Saying Sorry Leads to Joy
We can all relate to the truth that it's hard to apologize. It's hard to confess. I know it's hard for me to go to my spouse or to my friends or to my church or to my children and say, You know what? I messed up and I'm sorry.
But we also all know how good it feels after that happens. Confession leads to joy.
Confession is like the gateway to freedom. As we confess, repent, and own the wrong things that we have done that burden us, that weight is lifted off of us and it allows us to move forward with a lightness of heart and a freedom as we say, I'm sorry.
That's true in every relationship and it's true in the relationship that we have with God.
Pride Is Unwillingness
So as we walk about our lives as prideful, un-confessing, unrepentant people, we bring upon ourselves a heavier weight every day and hour. With every sin, we are crushed under a weight that we must carry around with us.
Pride is really just the unwillingness to apologize. It's the unwillingness to admit that you don't have it altogether. It's the unwillingness to say, I need help. I screwed up. I'm tired. I'm making tons of mistakes. I'm totally self-absorbed. I want to be self-sufficient. Though Jesus is all-sufficient, I'd rather rely on myself.
Pride is the enemy of hope because hope lies with Christ. Hope lies with our Creator—the God of the universe who made us and knows how we're wired. He knows what's in us and he's willing to sustain us.
Pride is the enemy of hope.
He left heaven to come to Earth to walk this life—to live the life we couldn't live, die the death we could not die, and pay the price we could not pay.
Release the Burden of Pride
So as I release myself from pride I’m able to say, I can't do more. I can't try harder. I can't be perfect.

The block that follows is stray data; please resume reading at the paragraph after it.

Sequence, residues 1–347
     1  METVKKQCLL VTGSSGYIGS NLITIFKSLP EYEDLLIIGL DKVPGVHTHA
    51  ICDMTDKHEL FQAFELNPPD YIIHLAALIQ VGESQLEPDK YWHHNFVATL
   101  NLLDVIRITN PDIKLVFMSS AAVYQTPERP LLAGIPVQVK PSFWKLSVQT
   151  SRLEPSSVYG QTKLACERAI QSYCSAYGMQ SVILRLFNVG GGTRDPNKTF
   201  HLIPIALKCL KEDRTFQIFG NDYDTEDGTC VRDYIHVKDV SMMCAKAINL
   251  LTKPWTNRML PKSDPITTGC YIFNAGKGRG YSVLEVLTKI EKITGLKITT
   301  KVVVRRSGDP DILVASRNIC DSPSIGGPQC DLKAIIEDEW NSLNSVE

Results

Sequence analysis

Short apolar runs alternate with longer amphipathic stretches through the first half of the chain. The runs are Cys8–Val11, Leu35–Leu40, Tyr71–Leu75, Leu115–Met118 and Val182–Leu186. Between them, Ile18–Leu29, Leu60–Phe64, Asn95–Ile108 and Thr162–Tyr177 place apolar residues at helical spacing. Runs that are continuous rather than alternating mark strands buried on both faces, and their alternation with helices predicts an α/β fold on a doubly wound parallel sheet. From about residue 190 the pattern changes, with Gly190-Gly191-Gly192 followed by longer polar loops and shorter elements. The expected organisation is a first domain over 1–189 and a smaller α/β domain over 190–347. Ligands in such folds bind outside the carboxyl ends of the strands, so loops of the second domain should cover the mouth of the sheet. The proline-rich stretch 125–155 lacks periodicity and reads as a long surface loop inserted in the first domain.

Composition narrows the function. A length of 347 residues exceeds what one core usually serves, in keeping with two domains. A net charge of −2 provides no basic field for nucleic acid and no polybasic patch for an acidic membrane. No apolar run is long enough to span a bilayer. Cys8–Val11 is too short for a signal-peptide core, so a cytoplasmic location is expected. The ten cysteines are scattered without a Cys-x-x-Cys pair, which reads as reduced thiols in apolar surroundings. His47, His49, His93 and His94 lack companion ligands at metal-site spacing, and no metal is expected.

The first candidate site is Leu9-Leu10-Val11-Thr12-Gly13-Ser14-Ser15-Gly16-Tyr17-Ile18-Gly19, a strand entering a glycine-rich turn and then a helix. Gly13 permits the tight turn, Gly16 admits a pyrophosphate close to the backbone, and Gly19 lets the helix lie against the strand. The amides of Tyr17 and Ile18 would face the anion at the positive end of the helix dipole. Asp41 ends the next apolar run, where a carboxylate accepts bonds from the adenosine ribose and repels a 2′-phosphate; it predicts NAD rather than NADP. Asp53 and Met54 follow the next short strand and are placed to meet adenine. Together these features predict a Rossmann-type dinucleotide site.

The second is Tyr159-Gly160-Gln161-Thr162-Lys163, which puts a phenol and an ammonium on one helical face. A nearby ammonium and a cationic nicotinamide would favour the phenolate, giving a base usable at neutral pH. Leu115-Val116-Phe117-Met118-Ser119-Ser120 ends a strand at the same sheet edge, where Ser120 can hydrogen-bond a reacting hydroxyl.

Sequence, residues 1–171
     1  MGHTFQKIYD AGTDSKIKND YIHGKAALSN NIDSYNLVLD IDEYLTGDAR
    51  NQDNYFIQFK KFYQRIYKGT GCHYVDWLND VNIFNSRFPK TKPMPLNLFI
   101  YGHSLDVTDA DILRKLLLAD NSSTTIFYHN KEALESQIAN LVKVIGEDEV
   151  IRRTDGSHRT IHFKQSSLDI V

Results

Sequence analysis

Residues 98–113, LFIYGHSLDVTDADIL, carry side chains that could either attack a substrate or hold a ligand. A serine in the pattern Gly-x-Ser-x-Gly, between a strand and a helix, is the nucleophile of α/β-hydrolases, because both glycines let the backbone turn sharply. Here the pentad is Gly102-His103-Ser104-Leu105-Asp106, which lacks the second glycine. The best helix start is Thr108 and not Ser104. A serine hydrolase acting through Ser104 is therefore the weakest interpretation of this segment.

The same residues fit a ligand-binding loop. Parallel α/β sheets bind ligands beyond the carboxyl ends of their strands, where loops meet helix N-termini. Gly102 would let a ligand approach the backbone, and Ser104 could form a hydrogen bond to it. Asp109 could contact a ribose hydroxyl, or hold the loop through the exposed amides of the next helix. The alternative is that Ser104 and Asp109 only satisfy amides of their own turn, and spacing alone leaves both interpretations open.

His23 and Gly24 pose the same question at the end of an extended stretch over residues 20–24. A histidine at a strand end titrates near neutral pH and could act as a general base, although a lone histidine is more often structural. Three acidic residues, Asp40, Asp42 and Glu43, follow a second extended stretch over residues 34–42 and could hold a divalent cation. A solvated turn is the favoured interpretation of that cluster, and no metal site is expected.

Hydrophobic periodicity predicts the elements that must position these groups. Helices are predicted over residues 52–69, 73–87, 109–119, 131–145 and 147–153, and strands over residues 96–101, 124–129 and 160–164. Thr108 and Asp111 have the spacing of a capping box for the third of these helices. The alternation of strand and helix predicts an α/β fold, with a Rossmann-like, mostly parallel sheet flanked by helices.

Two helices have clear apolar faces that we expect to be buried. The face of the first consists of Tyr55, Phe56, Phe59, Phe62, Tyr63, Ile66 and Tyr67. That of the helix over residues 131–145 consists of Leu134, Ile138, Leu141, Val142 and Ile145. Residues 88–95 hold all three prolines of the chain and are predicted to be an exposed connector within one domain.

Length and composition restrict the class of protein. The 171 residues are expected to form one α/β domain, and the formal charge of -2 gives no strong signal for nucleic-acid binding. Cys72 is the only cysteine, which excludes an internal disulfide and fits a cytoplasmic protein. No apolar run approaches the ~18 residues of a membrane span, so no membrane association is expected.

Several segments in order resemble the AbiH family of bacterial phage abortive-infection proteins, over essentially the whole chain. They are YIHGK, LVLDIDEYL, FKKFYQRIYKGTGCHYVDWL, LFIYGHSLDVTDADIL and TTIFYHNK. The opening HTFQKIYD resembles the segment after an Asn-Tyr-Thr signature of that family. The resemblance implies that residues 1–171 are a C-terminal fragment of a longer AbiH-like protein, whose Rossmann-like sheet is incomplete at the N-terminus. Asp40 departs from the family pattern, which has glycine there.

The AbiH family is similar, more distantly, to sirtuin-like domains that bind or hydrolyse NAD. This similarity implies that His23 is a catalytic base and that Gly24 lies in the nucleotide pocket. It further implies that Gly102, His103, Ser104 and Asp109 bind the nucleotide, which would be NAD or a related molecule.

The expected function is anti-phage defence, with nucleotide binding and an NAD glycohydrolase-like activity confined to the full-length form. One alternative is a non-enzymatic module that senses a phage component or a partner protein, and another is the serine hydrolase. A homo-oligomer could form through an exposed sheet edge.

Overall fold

I actually screw up all the time and need to say I'm sorry to the people in my life and to the God who made me. With that, I am free from having to be self-made. I am free from having to carry it all as a finite human being.
Pride is the enemy of hope. The more prideful, self-reliant, and self-made that I am, the further I am from having an open relationship with the Lord who's willing to bear my burdens, who wants me to cast all of my cares on him, who is there for me.
So confession is the first step. Apologizing is the first step in realizing we are sinful and we need the Lord's freely offered unconditional love and forgiveness. That's where freedom and hope come from, and where true life really happens.
Jen Oshman is the author of Enough about Me: Finding Lasting Joy in the Age of Self.
Many of us believe that Christian discipleship is synonymous with self-improvement. But true Christian discipleship is a call to die, not to improve.
What does it look like to pursue real fulfillment in God, rather than in ourselves? And what's wrong with the self-obsessed, individualistic culture that dominates our world today?
People threw off the shackles of the church and the state and they began to look inward. They began to look to themselves for what is true and what is real.
For Calvin, self-denial was not a special requirement for the few but a norm for all believers, and we deny self because we have been united with God, not because we want to achieve such a union.